Cover my earth mother four times with many flowers.

Let the heavens be covered with the banked up clouds.


Let the earth be covered with fog; cover the earth with rains.

Great waters, rains, cover the earth.
Lightning cover the earth.

Let thunder be heard over the earth; let
thunder be heard;

Let thunder be heard over the six regions of the earth.

To these Indians the æsthetic arts are useful and filled with magic. Their songs are prayers for rain as are likewise the designs they paint on pottery or weave on cloth. They live immersed in beauty, but it is the beauty that does, not the beauty that seems. While the Navaho god created he sang as follows:

In old age wandering on the trail of beauty.
For them I make.

To form them fair, for them I labor.
For them I make.

In these words is expressed the philosophy that beauty is truth and perfection in use and being.

The question soon asked by a person skilled in the use of words on reading American Indian verse is this: "How much of the effect is real and how much is adventitious?" Someone has somewhere observed that when you learn a new language you acquire a new soul. Words are not merely the carriers of thought, they are also to a large extent the molds of thought. New sets of words involve new ways of thinking because they establish new associations between objects and ideas. Literal translation may put into the language of the second part some original quality of the language of the first part, but more often it puts in a new and picturesque something that comes from mere contrast between two systems of word order and word association.

Language makes possible the transference of ideas from one human mind to another only because articulated sounds or graphic symbols that substitute for them in writing-rest upon a social basis of common acceptance for the word and common experience for the meaning. But just as the art of

weaving varies from one place to another because tools, materials, and ideas of construction vary, so the art of presenting thought in sounds or preserving it in sound symbols, is modified and limited by the mechanical possibilities and suggestions inherent in the particular language. Textile design, properly speaking, must follow the lines of construction. Poetry is design in words and in any particular language it must also adjust itself to construction. The device of rhyme, for instance, is not always possible. Rhythm of one kind or another is usually present because primitive poems are usually sung. Accent is common in polysyllabic languages but the primitive singer does not hold himself strictly to these accents. Syllables may be slurred, lengthened, reduplicated, etc., to meet the requirements of the singing voice. Repetition often gives rise to stanza forms especially when there is an or derly variation combined with the repetition. Thus in an extempore song of virtues in a funeral ceremony a qualifying phrase may vary between set phrases. For example:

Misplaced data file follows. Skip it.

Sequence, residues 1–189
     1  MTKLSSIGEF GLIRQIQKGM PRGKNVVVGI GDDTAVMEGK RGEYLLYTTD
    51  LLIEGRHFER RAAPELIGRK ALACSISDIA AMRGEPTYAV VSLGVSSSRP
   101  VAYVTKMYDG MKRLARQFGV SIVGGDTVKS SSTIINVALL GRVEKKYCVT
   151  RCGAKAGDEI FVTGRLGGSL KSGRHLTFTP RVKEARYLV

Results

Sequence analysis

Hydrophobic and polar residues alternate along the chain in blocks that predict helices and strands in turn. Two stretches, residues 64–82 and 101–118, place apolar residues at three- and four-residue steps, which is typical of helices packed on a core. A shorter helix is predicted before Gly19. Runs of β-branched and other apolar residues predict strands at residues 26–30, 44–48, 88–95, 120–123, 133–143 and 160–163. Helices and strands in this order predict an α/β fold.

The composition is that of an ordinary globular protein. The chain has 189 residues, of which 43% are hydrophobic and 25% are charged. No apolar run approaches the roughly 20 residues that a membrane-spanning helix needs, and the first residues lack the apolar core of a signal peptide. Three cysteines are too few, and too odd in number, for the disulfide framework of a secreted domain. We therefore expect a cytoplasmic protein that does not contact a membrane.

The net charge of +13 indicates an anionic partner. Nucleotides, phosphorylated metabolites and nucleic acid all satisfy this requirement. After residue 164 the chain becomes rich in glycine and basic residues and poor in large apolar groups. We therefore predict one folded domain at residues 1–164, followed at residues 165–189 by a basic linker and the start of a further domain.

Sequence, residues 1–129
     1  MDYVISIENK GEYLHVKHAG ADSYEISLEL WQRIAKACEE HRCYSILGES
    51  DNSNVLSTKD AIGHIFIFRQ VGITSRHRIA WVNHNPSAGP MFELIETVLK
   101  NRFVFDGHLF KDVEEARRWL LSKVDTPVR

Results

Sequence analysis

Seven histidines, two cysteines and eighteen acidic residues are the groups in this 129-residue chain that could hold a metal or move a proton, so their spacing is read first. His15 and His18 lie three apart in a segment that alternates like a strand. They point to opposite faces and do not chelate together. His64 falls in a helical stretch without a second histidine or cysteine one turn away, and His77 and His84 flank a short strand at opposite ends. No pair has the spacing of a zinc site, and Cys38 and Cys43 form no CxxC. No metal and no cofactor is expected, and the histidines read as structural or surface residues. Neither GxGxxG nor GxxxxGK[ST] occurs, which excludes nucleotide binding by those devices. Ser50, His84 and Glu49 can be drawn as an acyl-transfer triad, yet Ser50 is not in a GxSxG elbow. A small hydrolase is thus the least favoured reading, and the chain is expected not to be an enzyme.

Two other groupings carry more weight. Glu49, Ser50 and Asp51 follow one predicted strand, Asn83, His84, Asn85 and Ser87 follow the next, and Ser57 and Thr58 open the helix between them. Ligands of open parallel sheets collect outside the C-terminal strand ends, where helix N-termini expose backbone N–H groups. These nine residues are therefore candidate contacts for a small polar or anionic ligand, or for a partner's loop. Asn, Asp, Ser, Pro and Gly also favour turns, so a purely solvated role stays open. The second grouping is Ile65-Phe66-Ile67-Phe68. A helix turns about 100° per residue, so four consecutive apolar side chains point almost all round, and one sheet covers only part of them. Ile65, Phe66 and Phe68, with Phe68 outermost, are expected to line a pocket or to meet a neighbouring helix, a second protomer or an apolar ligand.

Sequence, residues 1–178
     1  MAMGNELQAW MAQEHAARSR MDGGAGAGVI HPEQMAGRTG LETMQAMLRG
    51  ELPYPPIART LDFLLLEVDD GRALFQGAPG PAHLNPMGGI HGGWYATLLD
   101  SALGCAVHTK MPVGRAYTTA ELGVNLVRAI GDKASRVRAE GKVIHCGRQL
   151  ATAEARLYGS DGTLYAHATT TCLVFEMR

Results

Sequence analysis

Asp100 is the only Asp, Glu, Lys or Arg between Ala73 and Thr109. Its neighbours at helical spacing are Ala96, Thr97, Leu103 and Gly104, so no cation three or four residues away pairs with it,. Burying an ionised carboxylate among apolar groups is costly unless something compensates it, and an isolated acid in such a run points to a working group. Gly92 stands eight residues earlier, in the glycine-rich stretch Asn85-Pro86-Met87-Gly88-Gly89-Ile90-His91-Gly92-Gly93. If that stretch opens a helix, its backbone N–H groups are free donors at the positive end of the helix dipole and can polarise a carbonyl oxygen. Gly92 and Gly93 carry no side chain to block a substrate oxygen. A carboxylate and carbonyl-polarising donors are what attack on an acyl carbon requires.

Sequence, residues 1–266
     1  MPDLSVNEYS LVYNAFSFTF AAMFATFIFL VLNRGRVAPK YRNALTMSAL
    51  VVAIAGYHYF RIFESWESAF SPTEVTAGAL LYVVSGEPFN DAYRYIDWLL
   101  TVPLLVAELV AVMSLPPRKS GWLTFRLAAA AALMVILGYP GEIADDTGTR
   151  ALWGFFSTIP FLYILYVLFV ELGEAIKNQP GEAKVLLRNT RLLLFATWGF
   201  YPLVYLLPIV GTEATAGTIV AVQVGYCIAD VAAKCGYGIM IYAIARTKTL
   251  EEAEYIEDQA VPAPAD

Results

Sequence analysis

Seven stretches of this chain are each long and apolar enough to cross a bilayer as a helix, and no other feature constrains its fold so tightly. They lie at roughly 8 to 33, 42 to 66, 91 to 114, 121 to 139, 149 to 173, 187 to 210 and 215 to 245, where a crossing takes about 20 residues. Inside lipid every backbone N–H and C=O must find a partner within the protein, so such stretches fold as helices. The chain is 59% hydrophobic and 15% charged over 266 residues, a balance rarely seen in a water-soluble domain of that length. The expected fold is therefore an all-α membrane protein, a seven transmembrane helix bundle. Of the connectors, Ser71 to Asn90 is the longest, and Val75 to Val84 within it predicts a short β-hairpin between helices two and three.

She is dead, the generous one, My daughter is dead, dead!

She is dead, the loving one, My daughter is dead, dead!

In the translation of poetry there are the prose and the poetical methods. The prose method is to translate simply the thought, and the natural tendency of the followers of this method is to translate the thought into English which is devoid of any emotional quality. The poetic method is to translate the thought as directly as possible into words of emotional quality. The difficulty with this method is that it is hard to match emotional qualities between languages. Moreover, the persons who naturally prefer it have subjective rather than objective interests. American Indian languages are rich in terms that single out details of the outside

world and in classifications of the states of matter but they are weak in words that present or qualify the subjective world and the states of mind. Yet, far from being materialistic, the Indians recognized a persistent duality in nature and each thing had its soul.

Some anthropologists, especially Frank Cushing, Alice Fletcher, Washington Matthews, and Jeremiah Curtin, have treated Indian songs and myths in literary fashion. But they

have worked from native texts and so have not gone far astray on the fundamental meanings of the original words. The criticism of their translations lies not so much in denotation as connotation. An English word may have approximately the same meaning as an Indian word and yet have entirely dif ferent associations. They have given a poetic quality where there should be a poetic quality-but perhaps they have endowed the rose with the fragrance of the violet.